UK health experts have begun to sound serious warning notes over the promotion of gambling by the government.
In March last the House of Lords threw out government proposals to build the UK's first Las Vegas-style super casino in Manchester and build 16 other casinos around the country.
Writing in the leading health jounral, the BMJ, John Middleton and Farid Latif have called for a proper assessment of the health effects of any new proposals and urged doctors to be aware of problem gambling in just the same way they are with other potentially addictive activities like drinking alcohol and smoking.
The UK currently has a low prevalence of problem gamblers, but this seems likely to increase when the Gambling Act 2005 is implemented, they say.
Gambling affects physical, mental and social wellbeing as well as creating debt. Problem gamblers and pathological gamblers are more likely than others in the general population to have been divorced, had physical and psychological problems, lost a job, been receiving welfare benefits, been declared bankrupt, and been imprisoned.
Problem gambling is also associated with juvenile delinquency and family problems, while pathological gambling is a predictor of violence against intimate partners.
While the authors acknowledge that most casino customers will not be compulsive gamblers, they believe that the minor effects on large numbers of the population previously unexposed to casino gambling will be pervasive.
Research on lotteries shows that they tend to gather money from poor people to be spent on amusements for wealthy people. This has led Sandwell Council in the West Midlands to block any new build casinos in the area, based on risk of poverty and related health consequences.
Problem gambling is an addiction that medical professionals should be aware of, say the authors. Anything that makes the poor people in Britain even poorer, especially if they do not derive benefits in kind, will damage their health, further increasing inequality in health.
The UK government intends to bring forward new proposals for developing casinos next year. A prospective programme of properly funded assessment of health effects must be part of any new proposals, they conclude.
Following three decades during which British gambling policy was shaped by the notion of 'unstimulated demand,' the National Lottery was introduced in 1994 with a weekly draw for a large prize jackpot.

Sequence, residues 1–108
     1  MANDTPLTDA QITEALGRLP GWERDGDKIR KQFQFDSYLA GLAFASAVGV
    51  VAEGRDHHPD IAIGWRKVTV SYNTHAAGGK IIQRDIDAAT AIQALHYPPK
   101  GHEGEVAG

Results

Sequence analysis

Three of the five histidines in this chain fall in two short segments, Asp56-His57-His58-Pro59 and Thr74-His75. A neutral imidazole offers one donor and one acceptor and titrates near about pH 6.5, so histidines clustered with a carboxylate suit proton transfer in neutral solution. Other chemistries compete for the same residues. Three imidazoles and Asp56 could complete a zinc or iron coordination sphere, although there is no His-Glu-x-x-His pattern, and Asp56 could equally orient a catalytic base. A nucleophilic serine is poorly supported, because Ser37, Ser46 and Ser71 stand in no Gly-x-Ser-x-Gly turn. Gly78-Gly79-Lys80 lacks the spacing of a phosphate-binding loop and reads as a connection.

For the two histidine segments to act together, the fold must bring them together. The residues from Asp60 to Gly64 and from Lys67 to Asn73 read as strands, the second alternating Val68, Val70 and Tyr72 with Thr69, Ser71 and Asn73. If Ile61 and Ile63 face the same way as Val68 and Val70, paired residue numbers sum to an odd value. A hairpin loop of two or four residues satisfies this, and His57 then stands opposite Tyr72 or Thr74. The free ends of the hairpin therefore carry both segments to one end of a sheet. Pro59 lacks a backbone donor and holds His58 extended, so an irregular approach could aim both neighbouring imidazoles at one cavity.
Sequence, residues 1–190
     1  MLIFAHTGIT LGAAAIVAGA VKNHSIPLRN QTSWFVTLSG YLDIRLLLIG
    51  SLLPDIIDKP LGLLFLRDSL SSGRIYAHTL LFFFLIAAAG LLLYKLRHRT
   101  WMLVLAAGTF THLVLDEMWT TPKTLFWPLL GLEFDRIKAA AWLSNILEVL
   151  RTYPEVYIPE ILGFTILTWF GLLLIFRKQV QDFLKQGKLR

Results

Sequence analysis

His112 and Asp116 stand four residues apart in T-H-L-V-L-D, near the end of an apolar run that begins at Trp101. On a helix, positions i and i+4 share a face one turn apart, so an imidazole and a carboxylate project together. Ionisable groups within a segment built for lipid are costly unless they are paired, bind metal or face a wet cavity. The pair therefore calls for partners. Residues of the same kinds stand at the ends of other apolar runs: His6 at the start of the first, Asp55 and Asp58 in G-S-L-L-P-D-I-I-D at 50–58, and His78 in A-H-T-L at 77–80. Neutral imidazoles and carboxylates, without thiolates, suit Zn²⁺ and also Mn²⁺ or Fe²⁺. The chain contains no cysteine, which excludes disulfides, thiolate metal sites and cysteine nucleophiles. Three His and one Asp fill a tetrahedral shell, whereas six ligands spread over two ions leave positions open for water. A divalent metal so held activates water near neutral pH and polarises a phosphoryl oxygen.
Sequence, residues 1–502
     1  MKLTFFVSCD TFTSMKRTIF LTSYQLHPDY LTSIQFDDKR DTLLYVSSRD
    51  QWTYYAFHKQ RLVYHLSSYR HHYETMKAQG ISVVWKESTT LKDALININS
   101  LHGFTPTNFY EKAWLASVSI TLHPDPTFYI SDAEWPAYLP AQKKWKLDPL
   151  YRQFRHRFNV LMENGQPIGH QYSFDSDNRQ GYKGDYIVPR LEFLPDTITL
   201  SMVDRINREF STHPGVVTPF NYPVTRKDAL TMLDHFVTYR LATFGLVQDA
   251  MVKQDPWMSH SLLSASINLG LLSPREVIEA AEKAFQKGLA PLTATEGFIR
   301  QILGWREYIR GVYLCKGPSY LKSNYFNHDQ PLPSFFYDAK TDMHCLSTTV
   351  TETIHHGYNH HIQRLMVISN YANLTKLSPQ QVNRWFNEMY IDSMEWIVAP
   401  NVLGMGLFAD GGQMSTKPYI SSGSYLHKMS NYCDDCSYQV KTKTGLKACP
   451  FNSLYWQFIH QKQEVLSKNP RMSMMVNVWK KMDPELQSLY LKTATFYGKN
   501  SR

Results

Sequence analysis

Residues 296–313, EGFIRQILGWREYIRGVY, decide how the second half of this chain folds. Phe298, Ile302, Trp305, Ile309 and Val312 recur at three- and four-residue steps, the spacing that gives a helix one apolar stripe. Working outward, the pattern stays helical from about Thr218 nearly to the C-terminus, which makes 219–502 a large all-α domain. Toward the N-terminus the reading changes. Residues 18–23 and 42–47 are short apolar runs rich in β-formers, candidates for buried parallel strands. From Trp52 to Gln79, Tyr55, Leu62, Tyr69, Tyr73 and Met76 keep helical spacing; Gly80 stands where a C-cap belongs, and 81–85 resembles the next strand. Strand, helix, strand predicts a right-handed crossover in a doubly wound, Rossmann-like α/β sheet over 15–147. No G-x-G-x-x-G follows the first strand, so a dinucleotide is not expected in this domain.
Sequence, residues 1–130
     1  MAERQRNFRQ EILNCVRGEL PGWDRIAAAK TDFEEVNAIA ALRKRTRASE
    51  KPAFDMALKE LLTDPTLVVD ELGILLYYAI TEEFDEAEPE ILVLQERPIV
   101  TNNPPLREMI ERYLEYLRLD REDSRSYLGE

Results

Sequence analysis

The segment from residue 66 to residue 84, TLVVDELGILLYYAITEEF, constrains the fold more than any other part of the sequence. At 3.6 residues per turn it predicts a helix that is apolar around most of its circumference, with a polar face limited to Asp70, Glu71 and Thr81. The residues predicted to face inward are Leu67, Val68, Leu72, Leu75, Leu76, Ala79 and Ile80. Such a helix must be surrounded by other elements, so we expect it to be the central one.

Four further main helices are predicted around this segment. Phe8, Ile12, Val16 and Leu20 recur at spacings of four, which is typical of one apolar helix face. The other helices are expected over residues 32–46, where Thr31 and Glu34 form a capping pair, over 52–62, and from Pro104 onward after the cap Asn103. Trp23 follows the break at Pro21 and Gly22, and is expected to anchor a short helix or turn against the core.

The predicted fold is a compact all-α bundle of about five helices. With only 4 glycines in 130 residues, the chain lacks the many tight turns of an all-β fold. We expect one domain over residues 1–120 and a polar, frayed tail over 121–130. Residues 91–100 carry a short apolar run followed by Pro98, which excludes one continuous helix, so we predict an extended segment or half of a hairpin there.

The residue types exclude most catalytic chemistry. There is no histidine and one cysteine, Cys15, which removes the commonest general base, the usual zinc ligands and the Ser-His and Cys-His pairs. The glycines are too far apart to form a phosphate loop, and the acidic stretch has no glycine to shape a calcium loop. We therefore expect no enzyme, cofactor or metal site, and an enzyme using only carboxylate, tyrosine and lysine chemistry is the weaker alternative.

This was followed in 1995 by the introduction of instant scratch tickets, in 1997 by a second weekly draw, and in 1999 by another weekly game that offers players more chances to win smaller prizes.
Now that growth in revenues has stabilized, the next National Lottery license is likely to include a daily lottery game as well as internet based services and interactive games.
Furthermore, the introduction of the National Lottery led to strong pressures for deregulation from British casinos, betting shops, football pools, arcades, and charitable gambling industries.
This virtual explosion does not bode well for the community, doctors warn.
Another concern is the growing participation of women in gambling activities. Recent studies in Australia, New Zealand, and the United States show that women are just as likely as men to play lottery games and to gamble at casinos, and it is likely that the introduction of a lottery sanctioned by the state has led more women in the United Kingdom to gamble.
As the British Gambling Review Board considers the future of gambling in the United Kingdom, those of us who are concerned about the adverse effects of gambling would suggest that steps be taken to monitor the impacts of gambling over time.
Adequate funding of prevention and treatment programmes to minimise the harm that growing numbers of people may experience when they gamble is also of paramount importance, stresses Rachel A Volberg, president of the U.S. based Gemini Research and a leading problem gambling epidemiologist in the world.
But there are other public health experts who argue against such anti-gambling campaign.
It may well be that some people are spending their money 'unwisely' in the hope of improving their lifestyles and that some of the people who find themselves winners have problems in coping with this new state.
But most of those who participate, however, are responsible people who are knowingly taking a risk. In a society that values empowerment are we now saying that people should take only risks that are good for them? And, if so, what is the risk?
A society in which people no longer have the opportunity to take risks is not a healthy society. Public health practitioners should understand this and should focus their attention on more serious issues. For a start, how about the misery and isolation of elderly people and the hopelessness of young people who are unemployed long term?